Yet another limiting parameter with electric vehicles is that batteries are expensive, so that any battery electric vehicle is likely not only to have a limited range but to be more expensive than an internal combustion engine vehicle of similar size and build quality.

2 'Specific energy' means the energy stored per kilogram. The normal SI unit is Joule per kilogram (Jkg-1). However, this unit is too small in this context, and so the Watthour per kilogram (Whkg-1) is used instead. 1 Wh = 3600 J.

3 British gallon. In the USA a gallon is 3.8 litres.

Vehicle with a range of about 50 km

Vehicle with a range of about 50 km

Engine and gearbox with an efficiency of 20%

Shaft energy obtained is 7200 Wh

Tank containing 4 kg (4.5 litres) of fuel with a calorific value of 36 000 Wh

Tank containing 4 kg (4.5 litres) of fuel with a calorific value of 36 000 Wh

Engine and gearbox with an efficiency of 20%

Shaft energy obtained is 7200 Wh

Lead acid battery with a mass of 270 kg, volume 135 litres, and energy 8100 Wh

Electric motor and drive system with overall efficiency of 90%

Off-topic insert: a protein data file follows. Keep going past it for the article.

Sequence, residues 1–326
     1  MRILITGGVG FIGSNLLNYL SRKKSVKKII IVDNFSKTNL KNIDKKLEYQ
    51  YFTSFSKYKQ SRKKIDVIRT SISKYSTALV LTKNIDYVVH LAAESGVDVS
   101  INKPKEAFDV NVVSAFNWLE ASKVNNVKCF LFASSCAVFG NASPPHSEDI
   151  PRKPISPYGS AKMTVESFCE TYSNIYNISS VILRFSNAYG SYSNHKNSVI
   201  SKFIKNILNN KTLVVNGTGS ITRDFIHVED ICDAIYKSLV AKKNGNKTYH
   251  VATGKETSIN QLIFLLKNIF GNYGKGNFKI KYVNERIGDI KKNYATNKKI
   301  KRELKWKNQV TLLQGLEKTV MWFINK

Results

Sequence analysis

Shaft energy obtained is 7200 Wh

Vehicle with a range of about 500 km

Vehicle with a range of about 500 km

Tank containing 40 kg (45 litres) of fuel with a calorific value of 360 000 Wh

Tank containing 40 kg (45 litres) of fuel with a calorific value of 360 000 Wh

Lead acid battery with a mass of 2700 kg, volume 1350 litres, and energy 81 000 Wh

Shaft energy obtained is 72 000 Wh

Figure 1.3 Comparison of energy from petrol and lead acid battery

Engine and gearbox with an efficiency of 20%

Shaft energy obtained is 72 000 Wh

Electric motor and drive system with overall efficiency of 90% ' /

Shaft energy obtained is 72 000 Wh

Figure 1.3 Comparison of energy from petrol and lead acid battery

For example, the 2.7 tonnes of lead acid batteries which give the same effective energy storage as 45 litres (10 UK gallons) of petrol would cost around £8000 at today's prices. The batteries also have a limited life, typically 5 years, which means that a further large investment is needed periodically to renew the batteries

When one takes these factors into consideration the reasons for the predominance of IC engine vehicles for most of the 20th Century become clear.

Since the 19th century ways of overcoming the limited energy storage of batteries have been used. The first is supplying the electrical energy via supply rails, the best example being the trolley bus. This has been widely used during the 20th century and allows quiet non-polluting buses to be used in towns and cities. When away from the electrical supply lines the buses can run from their own batteries. The downside is, of course, the expensive rather ugly supply lines which are needed and most trams and trolley bus systems have been removed from service. Modern inductive power transfer systems may overcome this problem.